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Interactions: understanding people and process in prescribing in primary care
  1. Carol Sinnott
  1. Correspondence to Dr Carol Sinnott, Department of Public Health and Primary Care, School of Clinical Medicine, University of Cambridge, Cambridge CB2 0SR, UK; cs926{at}

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Internationally, primary care is under pressure. In 10 developed nations surveyed for the 2015 Commonwealth report, primary care physicians reported their struggle to find ways to care for ageing populations with complex healthcare needs.1 Practice consultation rates, average consultation duration and total patient-facing clinical workload have increased substantially in primary care in recent years.2 Increases in demand have not been matched by growth in either funding or in workforce: in the UK alone, the shortage of general practitioners (GPs) is expected to worsen from 3300 in 2015 to 8000 by 2020. Over and above rising demand, factors such as advances in technology, the shifting workload from secondary to primary care, and patients’ growing health and social care needs (including more complicated drug regimens and challenging national clinical standards) have all added to complexity.3

Much discussion has focused on how to increase the supply of primary care physicians. But, despite rapidly accelerating changes in the composition of the primary care workforce and its practices, far less attention has been given to understanding the teams that support physicians in primary care and how these individuals work together. Grant and Guthrie4 draw back the veil in an intriguing ethnographic study that shows how eight heterogeneous primary care practices in England and Scotland implement team approaches to the work of prescribing.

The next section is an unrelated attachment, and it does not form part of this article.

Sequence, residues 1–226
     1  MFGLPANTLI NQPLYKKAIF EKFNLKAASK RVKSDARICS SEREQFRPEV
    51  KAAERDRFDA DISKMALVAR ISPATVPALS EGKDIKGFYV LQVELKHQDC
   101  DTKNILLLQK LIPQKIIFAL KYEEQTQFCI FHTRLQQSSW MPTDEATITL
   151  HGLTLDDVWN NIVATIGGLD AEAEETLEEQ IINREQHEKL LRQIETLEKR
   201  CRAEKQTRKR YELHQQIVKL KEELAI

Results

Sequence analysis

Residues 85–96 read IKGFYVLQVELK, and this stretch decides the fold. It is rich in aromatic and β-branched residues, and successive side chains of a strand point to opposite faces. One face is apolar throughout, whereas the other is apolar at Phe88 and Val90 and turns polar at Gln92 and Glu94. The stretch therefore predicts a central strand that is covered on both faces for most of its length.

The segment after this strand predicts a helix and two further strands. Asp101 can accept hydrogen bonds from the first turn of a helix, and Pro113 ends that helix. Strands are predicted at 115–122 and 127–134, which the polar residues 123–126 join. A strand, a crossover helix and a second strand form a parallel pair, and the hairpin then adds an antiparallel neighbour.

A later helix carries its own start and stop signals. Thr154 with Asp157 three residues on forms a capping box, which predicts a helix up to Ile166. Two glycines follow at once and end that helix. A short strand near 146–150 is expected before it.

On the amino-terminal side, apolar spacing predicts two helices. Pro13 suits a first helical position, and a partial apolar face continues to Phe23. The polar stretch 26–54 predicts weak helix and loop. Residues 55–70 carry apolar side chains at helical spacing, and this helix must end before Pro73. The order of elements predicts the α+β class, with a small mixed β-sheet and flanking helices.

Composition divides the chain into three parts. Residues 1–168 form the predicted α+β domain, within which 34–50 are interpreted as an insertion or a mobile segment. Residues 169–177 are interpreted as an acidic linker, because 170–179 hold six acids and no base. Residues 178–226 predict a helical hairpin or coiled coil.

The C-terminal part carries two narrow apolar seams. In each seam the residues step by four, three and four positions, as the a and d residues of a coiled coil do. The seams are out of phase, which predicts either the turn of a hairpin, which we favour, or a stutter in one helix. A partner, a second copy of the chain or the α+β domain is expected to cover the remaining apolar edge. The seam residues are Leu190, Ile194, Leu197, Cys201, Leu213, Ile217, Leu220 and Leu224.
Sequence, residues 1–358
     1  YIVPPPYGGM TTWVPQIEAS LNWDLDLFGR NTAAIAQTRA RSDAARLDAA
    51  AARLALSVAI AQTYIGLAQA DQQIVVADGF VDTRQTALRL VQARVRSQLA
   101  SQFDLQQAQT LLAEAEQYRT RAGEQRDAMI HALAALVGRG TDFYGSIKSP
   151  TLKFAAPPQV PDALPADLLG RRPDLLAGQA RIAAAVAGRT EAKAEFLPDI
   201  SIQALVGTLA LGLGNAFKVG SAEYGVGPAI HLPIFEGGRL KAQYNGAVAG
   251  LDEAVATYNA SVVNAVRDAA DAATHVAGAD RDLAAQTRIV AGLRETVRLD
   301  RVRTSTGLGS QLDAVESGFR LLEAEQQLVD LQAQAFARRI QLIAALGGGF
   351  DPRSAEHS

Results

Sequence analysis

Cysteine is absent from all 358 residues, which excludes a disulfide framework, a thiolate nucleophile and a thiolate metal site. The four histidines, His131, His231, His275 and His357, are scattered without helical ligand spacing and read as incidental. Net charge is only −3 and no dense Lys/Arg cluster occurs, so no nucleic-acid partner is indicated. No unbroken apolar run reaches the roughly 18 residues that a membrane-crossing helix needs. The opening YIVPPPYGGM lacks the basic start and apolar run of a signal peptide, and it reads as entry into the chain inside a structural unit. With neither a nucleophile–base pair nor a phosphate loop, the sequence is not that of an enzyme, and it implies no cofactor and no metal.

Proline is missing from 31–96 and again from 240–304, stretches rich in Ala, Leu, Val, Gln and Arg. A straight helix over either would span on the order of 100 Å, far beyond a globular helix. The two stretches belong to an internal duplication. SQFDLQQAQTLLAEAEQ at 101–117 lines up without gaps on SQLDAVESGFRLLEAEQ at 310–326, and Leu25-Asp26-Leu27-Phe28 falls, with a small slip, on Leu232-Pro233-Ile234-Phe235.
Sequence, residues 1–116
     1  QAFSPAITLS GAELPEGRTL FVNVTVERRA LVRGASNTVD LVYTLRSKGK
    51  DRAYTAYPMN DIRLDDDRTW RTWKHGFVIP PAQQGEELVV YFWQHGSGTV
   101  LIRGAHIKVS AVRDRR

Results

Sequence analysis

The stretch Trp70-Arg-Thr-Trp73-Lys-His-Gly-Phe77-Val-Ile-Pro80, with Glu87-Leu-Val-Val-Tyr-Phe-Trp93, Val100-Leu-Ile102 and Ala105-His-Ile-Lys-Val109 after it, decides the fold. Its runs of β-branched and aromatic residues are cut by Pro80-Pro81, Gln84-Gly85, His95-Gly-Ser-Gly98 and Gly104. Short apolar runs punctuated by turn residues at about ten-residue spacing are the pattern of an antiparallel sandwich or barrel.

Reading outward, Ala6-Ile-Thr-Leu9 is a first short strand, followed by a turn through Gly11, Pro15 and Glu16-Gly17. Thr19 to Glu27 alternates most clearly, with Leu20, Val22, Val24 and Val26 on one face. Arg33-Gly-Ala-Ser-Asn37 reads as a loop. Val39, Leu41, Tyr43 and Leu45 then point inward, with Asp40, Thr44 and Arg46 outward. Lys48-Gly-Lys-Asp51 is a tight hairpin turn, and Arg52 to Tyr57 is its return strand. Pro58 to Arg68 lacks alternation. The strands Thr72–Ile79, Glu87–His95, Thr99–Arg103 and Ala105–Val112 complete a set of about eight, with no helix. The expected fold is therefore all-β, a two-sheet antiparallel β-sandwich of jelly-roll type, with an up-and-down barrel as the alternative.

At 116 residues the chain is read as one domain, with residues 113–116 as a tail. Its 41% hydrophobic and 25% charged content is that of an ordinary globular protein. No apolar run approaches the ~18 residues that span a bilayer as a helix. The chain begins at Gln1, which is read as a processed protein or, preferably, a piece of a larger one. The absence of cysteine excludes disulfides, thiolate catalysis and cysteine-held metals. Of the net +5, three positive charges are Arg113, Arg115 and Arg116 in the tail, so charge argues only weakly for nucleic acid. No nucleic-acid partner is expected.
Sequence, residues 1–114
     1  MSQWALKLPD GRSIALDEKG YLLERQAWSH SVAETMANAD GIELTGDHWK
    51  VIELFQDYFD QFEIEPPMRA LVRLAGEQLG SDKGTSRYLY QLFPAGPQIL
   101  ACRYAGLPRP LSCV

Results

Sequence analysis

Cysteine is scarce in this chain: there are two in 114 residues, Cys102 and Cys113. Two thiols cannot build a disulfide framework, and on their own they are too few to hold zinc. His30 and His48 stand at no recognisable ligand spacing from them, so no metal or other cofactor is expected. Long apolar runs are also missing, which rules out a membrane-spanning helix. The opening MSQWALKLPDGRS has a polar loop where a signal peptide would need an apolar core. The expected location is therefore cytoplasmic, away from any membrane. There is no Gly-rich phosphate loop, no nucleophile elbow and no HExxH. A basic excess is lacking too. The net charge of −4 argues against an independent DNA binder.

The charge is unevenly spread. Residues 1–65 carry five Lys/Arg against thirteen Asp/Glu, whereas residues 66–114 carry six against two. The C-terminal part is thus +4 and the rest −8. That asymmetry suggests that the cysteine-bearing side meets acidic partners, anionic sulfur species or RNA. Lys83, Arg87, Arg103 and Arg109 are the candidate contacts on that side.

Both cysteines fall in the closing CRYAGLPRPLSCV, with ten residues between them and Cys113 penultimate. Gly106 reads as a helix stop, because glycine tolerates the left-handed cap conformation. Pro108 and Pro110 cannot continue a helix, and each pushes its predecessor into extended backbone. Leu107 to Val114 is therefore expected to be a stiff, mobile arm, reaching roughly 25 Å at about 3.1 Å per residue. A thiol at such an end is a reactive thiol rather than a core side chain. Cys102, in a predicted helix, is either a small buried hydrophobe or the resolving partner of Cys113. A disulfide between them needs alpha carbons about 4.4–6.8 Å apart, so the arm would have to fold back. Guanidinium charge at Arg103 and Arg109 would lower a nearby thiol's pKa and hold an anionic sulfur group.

Prescribing in primary care constitutes a high-volume activity, and one that is vulnerable to error. In the UK, over one billion prescription items are dispensed in the community per year, equating to 2.7 million a day, or over 1900 a minute.5 A 2012 study commissioned by the UK General Medical Council found that 5% of prescription items were associated with a prescribing error, and around 1 in 550 prescription items contained a severe error.6 Strong internal processes are needed to ensure safe prescribing. Defences against prescribing errors may be employed at the level of the prescriber, practice-wide or through health information technology.6 7 Many interventions to improve prescribing safety have focused on upskilling physicians in therapeutics and pharmacology,8 9 introducing pharmacists into practices10 and using computer decision support.11

An important achievement of Grant and Guthrie is in offering one of the first detailed accounts of the role of non-clinical practice staff in the processing of prescriptions, and of how the ‘work’ of prescribing happens across a practice. Their ethnographic observations (2000 hours of them, along with 62 semistructured interviews) captured administrative work, corridor conversations, GP work during coffee breaks, allocation of tasks and back-office conversations. By observing and interviewing all staff involved in the generation of a signed authorised prescription, the researchers discovered the shared understandings and behaviours necessary to function within these teams.